The Unintended Entrepreneurs

“When the going gets tough, the tough get going.”

Please forgive the cliché.

Before you slam down your laptop lid in disgust — having heard this countless times before — please read what I have to say.

This article is not a bromide for entrepreneurs stuck by the recession or any other typical problem we all encounter.

This is a wake-up call for all the hard-working men and women who have invested in their education, or cut their education short, because there are no jobs.

They are the ad hoc business survivors of a completely unexpected economic earthquake.

They have become entrepreneurs by default.

They have joined an entirely new business class — the unintended entrepreneurs.

 

Unintended Entrepreneurship is a Gift in Disguise

If you are one of these new entrepreneurs and you find yourself saddled with enormous student loan debt and seemingly shattered dreams, you have every reason to be angry — but deal with it briefly and then move on.

I am here to tell you that your present situation, as disagreeable as it may seem, may well be a gift in disguise; one that will keep on giving throughout your business life.

 

Start By Facing Facts

Your degree was never a magic bullet.  It was a symbol of something much more significant.  It said to the world that you had learned to think.  Through much effort and discipline you had fashioned yourself into the raw material from which greatness may emerge.  That ephemeral quality, once gained, can never be taken away.  Whether or not some nameless company is willing to pay your salary is not important.  You were destined to lead that company to profit — but by happy accident you will now be leading your own company to the prize.

Stop and consider the following 13 examples of others — your tough predecessors — who “got going, when things got tough.”

  1. Paul Allen, billionaire co-founder of Microsoft, owner of the Seattle Seahawks and Portland Trailblazers. Dropped out of the University of Washington to work for Honeywell. A year later he convinced Bill Gates to drop out of Harvard and move to Albuquerque, New Mexico to start up Microsoft.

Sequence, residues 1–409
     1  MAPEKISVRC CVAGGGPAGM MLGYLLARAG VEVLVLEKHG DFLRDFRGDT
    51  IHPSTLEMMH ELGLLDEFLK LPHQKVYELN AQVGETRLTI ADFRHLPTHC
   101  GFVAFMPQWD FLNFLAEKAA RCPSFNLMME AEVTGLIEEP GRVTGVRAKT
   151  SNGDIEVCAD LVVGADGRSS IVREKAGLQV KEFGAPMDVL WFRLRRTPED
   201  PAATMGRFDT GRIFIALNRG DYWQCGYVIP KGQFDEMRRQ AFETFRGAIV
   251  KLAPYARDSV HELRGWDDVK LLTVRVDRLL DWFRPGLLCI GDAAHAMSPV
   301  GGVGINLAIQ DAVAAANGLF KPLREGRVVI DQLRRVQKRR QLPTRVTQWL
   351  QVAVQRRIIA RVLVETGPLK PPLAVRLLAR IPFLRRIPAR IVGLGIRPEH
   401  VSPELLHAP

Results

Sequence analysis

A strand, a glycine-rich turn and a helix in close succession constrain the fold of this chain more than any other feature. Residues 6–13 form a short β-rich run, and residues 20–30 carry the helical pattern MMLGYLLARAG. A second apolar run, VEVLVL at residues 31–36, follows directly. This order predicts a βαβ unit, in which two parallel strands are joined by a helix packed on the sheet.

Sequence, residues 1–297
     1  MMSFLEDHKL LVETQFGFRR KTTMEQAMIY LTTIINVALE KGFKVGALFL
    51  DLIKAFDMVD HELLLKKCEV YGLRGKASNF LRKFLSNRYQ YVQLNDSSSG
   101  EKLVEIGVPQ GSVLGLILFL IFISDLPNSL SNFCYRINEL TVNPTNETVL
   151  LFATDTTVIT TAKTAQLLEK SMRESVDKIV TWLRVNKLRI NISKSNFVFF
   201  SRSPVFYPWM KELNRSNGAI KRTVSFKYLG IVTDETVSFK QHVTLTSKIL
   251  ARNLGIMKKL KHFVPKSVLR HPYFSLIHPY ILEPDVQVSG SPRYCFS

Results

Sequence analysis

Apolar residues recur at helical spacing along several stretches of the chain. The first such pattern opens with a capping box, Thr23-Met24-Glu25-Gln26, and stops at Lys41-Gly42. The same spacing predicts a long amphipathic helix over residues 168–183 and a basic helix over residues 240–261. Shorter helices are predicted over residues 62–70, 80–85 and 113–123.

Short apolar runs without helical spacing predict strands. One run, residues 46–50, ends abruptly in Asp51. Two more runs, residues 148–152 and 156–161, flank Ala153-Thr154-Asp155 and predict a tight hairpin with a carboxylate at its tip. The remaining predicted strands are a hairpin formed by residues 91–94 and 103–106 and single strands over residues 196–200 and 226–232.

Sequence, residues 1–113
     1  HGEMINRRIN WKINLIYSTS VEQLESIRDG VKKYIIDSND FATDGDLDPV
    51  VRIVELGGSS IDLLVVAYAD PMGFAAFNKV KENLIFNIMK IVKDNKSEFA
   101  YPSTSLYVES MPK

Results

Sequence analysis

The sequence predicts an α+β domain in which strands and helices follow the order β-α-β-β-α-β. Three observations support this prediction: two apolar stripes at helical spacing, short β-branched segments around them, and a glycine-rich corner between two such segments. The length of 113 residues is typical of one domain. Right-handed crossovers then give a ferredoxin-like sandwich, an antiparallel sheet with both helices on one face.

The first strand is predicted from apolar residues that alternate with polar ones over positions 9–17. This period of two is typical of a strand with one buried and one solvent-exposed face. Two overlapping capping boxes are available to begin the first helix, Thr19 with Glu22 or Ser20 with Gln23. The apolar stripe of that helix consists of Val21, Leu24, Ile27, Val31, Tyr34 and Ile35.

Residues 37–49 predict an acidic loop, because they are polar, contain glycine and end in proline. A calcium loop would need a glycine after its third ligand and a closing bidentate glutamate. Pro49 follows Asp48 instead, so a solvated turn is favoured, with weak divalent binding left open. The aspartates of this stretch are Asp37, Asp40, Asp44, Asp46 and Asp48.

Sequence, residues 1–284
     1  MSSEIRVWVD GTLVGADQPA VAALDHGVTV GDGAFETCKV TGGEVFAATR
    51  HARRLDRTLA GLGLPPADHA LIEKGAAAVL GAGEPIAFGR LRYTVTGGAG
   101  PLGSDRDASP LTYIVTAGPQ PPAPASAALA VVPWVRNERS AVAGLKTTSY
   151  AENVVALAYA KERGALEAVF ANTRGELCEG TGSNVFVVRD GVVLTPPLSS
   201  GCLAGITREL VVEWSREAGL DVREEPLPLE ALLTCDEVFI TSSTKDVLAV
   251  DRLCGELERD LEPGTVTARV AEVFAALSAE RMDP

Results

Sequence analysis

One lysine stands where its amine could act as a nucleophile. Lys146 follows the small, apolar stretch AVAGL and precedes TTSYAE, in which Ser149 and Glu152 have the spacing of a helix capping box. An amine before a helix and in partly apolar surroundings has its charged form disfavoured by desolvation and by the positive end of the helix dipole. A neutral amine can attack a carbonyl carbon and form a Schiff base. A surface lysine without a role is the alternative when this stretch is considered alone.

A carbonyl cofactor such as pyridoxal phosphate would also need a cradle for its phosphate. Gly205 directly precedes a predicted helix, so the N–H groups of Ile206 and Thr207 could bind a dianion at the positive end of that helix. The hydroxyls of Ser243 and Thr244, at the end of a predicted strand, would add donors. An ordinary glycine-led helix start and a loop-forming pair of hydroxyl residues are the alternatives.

2. Steve Ballmer, billionaire chief of Microsoft. Graduated from college, but dropped out of the Stanford MBA program to join Microsoft.
  3. Richard Branson, billionaire founder of Virgin Music, Virgin Atlantic Airways, Virgin Mobile, and other Virgin enterprises, balloonist. Left boarding school when he was 16.  His enormous Twitter success with Virgin Airlines is already legendary.
  4. Warren Buffett, billionaire chairman of Berkshire Hathaway. Dropped out of the University of Pennsylvania after two years. But later he did get his bachelor’s degree and MBA.
  5. Pete Cashmore, founder of Mashable.com. Founded the blog website when he was 19.  Did not complete college. Retired from active blogging three years later.
  6. David Ogilvy, advertising executive and copywriter . Was expelled from Oxford University at the age of 20.
  7. Dustin Moskovitz, multi-millionaire co-founder of Facebook. Harvard dropout.
  8. Jerry Yang, co-founder of Yahoo! Dropped out of PhD program.
  9. Kevin Rose, founder of Digg.com. Dropped out of college during his second year.
  10. Larry Ellison, billionaire co-founder of Oracle software company. Dropped out of two different colleges.
  11. Michael Dell, billionaire founder of Dell Computers, which started out of his college dorm room. Dropped out of college.
  12. Steve Wozniak, co-founder of Apple, billionaire. Did not complete college.
  13. Theodore Waitt, billionaire founder of Gateway Computers. Dropped out of college to start Gateway – one semester before graduating.

These 13 entrepreneurs are just your present-day predecessors in the technology industry.

There are countless others following non-technical pursuits that are equally rich and famous.

Like you, they learned to think.

They never gave up.

And they actually lived the cliché:

“When the going gets tough, the tough get going.”

 If you found this post useful, you will love my eGuide — Trajectory: The Ultimate Guide to Building a Successful Business with Twitter

 

Trajectory

 

 

 

About Michael R.H. Stewart
"Give me faith, freedom, resources, and a little time ... and I will make things happen that matter." Michael R.H. Stewart is a respected Internet executive with broad experience in all aspects of online business, with an emphasis given to social networking development, and company management. He has over 131,000 engaged Twitter followers. He enjoys 22 years of direct experience with corporate, entrepreneurial, governmental and non-profit clients, having advised them on all aspects of their online initiatives. Prior to his Internet career, he served as a Senior Vice President of AIG Marketing, doing business in 135 foreign countries as well as the United States. Stewart is an experienced public speaker and communicator, with worldwide experience; an expert on corporate branding; an accomplished writer, a creative thinker and problem solver.

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6 Responses to “The Unintended Entrepreneurs”
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